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6.1.  Functions and Recursion

Most computer languages allows you to break a program into smaller pieces -- subprograms.

Most computer languages have two kinds of subprograms -- functions and subroutines.

Functions, for example SIN(x) compute a single, simple value -- a number, logical value, or a character string -- and return that value.

Function maximum(a, b)




Sort Numbers

Suppose you write a program to read, sort ant print 1000 experimental values.

Using the techniques you learned so far, it would be necessary to invent 1000 variable names, 1000 read-statements and so on.

To handle such situations, most computer languages provides arrays.

We want to implement a sorting algorithm.



We need also bubblesort(), readN(), printN().

Function readN(soMany):


Subroutine printN(theNumbers, soMany):


Subroutine bubblesort(theNumbers, soMany)


We need also swap().

Subroutine swap(a, b):



For example, n!

1.      1! = 1
2.      n! = (n-1)! * n

In a recursive definition one distinguishes between a base rule and a recursive rule. The base rule of a recursive definition describes the term to be defined directly. The recursive rule contains the term to be defined in its own definition.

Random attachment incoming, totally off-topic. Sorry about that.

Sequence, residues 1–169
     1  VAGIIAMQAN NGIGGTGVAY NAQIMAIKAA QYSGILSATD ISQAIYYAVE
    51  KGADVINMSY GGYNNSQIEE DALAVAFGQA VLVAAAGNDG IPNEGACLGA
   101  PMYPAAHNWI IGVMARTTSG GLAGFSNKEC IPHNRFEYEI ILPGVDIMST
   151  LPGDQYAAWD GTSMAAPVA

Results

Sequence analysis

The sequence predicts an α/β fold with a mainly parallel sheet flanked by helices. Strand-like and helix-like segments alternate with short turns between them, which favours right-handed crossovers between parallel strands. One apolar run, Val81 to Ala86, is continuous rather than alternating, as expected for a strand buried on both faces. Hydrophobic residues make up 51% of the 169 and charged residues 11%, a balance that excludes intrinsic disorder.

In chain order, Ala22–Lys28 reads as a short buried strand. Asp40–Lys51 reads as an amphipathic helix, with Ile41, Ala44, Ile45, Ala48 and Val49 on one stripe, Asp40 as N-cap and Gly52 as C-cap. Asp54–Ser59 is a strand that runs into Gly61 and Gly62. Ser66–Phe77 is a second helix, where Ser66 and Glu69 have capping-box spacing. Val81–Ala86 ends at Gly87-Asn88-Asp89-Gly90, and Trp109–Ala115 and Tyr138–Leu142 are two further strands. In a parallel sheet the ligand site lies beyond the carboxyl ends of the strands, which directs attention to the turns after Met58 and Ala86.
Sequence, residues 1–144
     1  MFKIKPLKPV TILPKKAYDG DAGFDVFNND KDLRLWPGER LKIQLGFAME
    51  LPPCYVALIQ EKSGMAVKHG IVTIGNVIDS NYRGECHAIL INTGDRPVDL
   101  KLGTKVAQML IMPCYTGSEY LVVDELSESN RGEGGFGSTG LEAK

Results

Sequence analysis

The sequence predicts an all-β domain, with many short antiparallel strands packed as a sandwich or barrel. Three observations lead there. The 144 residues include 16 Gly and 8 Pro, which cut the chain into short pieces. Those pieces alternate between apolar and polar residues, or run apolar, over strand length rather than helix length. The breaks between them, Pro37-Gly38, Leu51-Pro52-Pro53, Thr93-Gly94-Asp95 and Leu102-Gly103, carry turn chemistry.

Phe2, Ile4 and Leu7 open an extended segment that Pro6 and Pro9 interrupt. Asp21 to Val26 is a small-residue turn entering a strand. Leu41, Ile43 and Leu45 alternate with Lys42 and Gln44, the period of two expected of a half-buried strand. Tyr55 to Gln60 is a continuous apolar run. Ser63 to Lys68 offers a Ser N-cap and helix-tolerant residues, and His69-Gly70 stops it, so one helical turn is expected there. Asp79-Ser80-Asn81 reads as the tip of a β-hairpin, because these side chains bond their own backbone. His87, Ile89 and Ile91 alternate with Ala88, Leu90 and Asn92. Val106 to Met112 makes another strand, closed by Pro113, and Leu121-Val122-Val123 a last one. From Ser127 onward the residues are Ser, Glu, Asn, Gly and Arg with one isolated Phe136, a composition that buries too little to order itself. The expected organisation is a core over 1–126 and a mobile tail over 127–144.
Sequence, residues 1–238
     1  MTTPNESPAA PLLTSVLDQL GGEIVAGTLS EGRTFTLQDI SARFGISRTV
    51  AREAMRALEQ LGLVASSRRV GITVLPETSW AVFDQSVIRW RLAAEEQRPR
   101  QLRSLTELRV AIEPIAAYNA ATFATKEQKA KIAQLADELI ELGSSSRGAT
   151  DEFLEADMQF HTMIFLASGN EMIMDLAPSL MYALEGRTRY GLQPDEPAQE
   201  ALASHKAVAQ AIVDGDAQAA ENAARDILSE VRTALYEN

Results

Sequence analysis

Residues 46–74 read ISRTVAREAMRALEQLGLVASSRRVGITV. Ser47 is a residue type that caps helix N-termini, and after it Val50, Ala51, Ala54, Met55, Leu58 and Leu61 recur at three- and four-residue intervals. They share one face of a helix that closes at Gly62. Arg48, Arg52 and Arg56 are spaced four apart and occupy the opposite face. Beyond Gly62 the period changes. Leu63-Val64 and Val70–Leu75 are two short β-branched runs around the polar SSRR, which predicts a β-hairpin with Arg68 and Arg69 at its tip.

If we want to calculate n!, we can use the following recursive algorithm:

Function n_factorial(n)


What is the result of:

n_factorial(3):    6
n_factorial(10):   3628800
n_factorial(0):    not defined

Another example: [equation] := 1
[equation] := 1
[equation] := [equation] + [equation] ; for 1 [lt] n

Function f(n)


What is the result of:

f(0):   1
f(1):   1
f(2):   3
f(3):   4
f(4):   7
f(5):   11

20 extra credits:

Draw a Nassi Shneidermann of a program which prints the permutation of n numbers.

Due: ???

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Created by unroff & hp-tools. © by Hans-Peter Bischof. All Rights Reserved (1998).

Last modified: 27/July/98 (12:14)